By Meenakshi Jey
(A recollection from previous journeys of ‘Artologue: Art for All’ with Jey Sushil and Green Bullet.)
Travelling, that now seems an integral part of my life, was something that I hardly enjoyed till I met Jey. I was an absolute misfit for any kinds of travel as within minutes of starting the journey, I would dose off. No matter how fascinating the view, how bumpy the ride, how torturous the weather and how uncomforting the seating was, I would instantly slip into hibernation mode. My father relentlessly coaxed me to look out and stay awake by bombarding me with interesting historical facts about the places but all in vain. Now five years in the company of Jey and Green Bullet, I can’t really recall why and how I started enjoying the journeys. I don’t exactly know when I learnt the art of dreaming with eyes open.
Sitting on the back seat of my darling Green Bullet and in the company of Jey, I often live a dreamy life. I imagine running across the lush green and golden fields, rocky hills, sandy beaches, exuberant forests while Jey is fully (hopefully) focusing on road. Enjoying the light and shadow game of sun and clouds, observing the images and patterns they form, clicking photographs of human-like-feature formation of hills and weaving stories about their creation is my favorite job as a pillion rider.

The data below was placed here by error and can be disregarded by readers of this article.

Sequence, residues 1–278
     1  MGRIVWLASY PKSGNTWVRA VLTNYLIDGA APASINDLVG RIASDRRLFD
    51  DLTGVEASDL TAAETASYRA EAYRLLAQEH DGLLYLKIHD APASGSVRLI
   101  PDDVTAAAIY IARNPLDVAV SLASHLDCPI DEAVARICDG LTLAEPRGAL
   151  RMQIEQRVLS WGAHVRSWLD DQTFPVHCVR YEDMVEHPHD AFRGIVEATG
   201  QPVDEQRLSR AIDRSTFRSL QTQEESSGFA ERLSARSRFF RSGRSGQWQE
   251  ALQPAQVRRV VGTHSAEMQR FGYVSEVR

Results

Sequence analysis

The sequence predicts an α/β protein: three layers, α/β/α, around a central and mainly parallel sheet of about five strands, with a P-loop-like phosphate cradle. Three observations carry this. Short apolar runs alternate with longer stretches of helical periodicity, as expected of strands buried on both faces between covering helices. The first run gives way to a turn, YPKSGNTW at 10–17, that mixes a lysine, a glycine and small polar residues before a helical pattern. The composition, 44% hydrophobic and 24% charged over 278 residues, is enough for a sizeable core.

Since we travel long distances quite frequently, before we start our journey, we both experience anxieties concerning different issues. While Jey would worry about the traffic, road condition, and time durations, I worry about the weather, food and comfort during our long road journeys. Sitting behind is quite relaxing than driving. I feel it is true even when someone loves riding because the rider can’t really enjoy the scenery (fully as they pass by quickly and riders can’t and must not turn back to adore them), the momentary magical instances, and camouflaged treasures of nature. Besides enjoying the nature, I, as the pillion rider, have the luxury to wander away in my imaginary world (of course with eyes open) as often as I wish, unlike the rider who has to be fully alert for any surprise on road.